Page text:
Coach Declan Kidney had expressed the hope that victory over Edinburgh at Murrayfield on Saturday would have a positive effect and hopefully help the players "to shake off their knocks and bruises earlier than might otherwise have been the case had the result gone against them".
For once luck appears to have been on his side after John Hayes (ankle), Marcus Horan (facial infection), Jerry Flannery (sciatica), Mick O'Driscoll (back) and John Kelly (hand) were given the all-clear yesterday.
Kidney will announce an extended squad after today's session and there will be another session at Thomond Park, after which the coach will have a clearer picture of his options open to him.
He must reveal his starting line-up on Thursday when he has the tricky but welcome dilemma in deciding between Donncha O'Callaghan and Mick O'Driscoll as Paul O'Connell's second-row partner.
However, each of the trio will have plentiful game time in the Stade Pierre Antoine, while the odds favour a centre place for Barry Murphy ahead of Gary Connolly. Denis Leamy and Anthony Horgan will be back at number six and the left wing respectively, though both Stephen Keogh and Ian Dowling both did themselves proud in Edinburgh.
Reflecting on the win in Scotland, Kidney attributed the failure to put the opposition to the sword in the first half to over-anxiety due to the recent defeats by Ulster and Leinster.
Acting captain Paul O'Connell is
demanding more patience in the build-up, pointing out that it's not necessary to score tries in the fourth or fifth phase and that if they retain possession then those will come in the eighth or ninth.
However, it's in holding on to the ball in contact that the team has let itself down, and that's why the tries aren't coming as often as the preparatory work demands.
"We've managed to win away in the league and now we have to get ready for a totally different kind of competition," says Kidney.
"The way the fixtures are falling, I think Castres will have a full team on Friday. They played a league game on December 22, didn't play again until Saturday night, when they had a big win over Montpellier, and their next league game isn't for three weeks.
"They won't bring their first team to Dragons for the last round of the European pool and my guess is we'll meet a full-strength side with no pressure on them."
Castres are out of the running for a quarter-final place but, like all French sides, will want to impress at home.
Furthermore, they have no love for their old adversaries from Munster.
Kidney and co are aware of the challenge awaiting them in a game they simply must win to reach the knock-out stages for the eighth successive year.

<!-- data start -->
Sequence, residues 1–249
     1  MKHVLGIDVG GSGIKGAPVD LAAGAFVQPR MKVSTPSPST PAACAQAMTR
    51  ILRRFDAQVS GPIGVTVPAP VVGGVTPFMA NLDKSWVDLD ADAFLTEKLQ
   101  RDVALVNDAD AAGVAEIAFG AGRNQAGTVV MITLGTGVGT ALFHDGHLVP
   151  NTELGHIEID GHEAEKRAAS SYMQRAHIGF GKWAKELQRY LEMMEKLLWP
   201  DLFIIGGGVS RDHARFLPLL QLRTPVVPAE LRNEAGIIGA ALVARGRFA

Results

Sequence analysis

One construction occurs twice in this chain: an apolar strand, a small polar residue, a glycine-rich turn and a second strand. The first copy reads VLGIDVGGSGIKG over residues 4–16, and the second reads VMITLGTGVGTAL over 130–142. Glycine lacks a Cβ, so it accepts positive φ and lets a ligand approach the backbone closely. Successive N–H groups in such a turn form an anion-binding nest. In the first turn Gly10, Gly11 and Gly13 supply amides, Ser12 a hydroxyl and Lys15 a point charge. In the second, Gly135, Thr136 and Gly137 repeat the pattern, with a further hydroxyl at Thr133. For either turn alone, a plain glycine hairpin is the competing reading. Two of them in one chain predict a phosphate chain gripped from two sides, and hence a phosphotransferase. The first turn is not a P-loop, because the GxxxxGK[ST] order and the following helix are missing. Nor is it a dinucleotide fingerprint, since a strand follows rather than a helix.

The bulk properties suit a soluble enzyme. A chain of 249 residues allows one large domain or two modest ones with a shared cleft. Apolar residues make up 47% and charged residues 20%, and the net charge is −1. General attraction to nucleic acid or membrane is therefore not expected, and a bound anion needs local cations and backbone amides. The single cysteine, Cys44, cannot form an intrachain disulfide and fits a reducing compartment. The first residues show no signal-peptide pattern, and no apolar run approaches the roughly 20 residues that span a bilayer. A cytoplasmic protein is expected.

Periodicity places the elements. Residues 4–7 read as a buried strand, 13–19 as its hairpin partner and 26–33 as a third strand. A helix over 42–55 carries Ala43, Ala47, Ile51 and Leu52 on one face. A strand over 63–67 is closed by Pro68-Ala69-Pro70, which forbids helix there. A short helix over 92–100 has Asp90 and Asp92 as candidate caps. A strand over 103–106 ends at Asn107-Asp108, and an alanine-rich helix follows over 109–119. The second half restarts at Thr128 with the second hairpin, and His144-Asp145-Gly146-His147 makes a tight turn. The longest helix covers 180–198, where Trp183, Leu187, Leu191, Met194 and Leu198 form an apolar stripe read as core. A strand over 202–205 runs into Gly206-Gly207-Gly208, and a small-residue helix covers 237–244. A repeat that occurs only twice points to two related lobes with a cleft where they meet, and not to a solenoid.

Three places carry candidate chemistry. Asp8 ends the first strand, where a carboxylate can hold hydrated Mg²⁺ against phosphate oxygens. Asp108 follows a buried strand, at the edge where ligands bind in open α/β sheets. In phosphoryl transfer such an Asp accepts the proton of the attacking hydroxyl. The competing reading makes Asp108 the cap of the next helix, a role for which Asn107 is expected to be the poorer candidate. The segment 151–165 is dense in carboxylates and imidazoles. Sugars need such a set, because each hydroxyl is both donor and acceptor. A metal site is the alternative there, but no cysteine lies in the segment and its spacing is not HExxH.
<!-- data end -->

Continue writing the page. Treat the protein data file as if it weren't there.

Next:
However, the coach is not lacking in confidence heading into the two most important weeks of the season so far.
Instead, he reels off the names of young players who will have benefited hugely from the experience of winning at Murrayfield.
"You had Eugene McGovern, Ian Dowling, Denis Fogarty, Tomas O'Leary and Barry Murphy, all fellows who this time last year weren't heard of, involved in a really competitive fixture," he said.
"Alan [Gaffney] was doing his work with them and bringing them through and it's also the benefit of having an A game on a back pitch at Murrayfield back in October. We won 7-6, Ian Dowling got the try, and all of these guys were playing that day.
"On our return to Murrayfield on Saturday, I know there were a whole host of things that weren't the way we would like them to be.
"Denis [Fogarty] will take the flak for the line-out problems but I would have to discuss this with some of my senior players. The way the season has gone, Frankie [Sheahan] would have been the master and Jerry [Flannery] got his time. So how much time has Denis had with the jumpers? Paul [O'Connell] is only back for three matches and Edinburgh was the first time he jumped at four this year.
"So of all the practice Denis has had, he would have had minimum practice throwing to Paul at four.
"That's the first time Paul and Donncha have gone in the second row, so that didn't make it easy for Denis.
"Mick O'Driscoll did okay at number eight and Wally [David Wallace] was right back into it, that was a huge difference for us, he was excellent. I'd like to see more chances being finished off but I'd be more frustrated if we weren't creating.
"I'd say we're converting 20% of what we're creating and that's not an awful lot. What you have to do is make sure you don't increase the anxiety, you must back them and say let's stick with it now.
"In golf, you have a fella who rims out three or four times in a round. He doesn't change anything. We should be the same. We have to work so hard for our tries and put the ball through so many hands. All of a sudden, a few bricks will fall into place."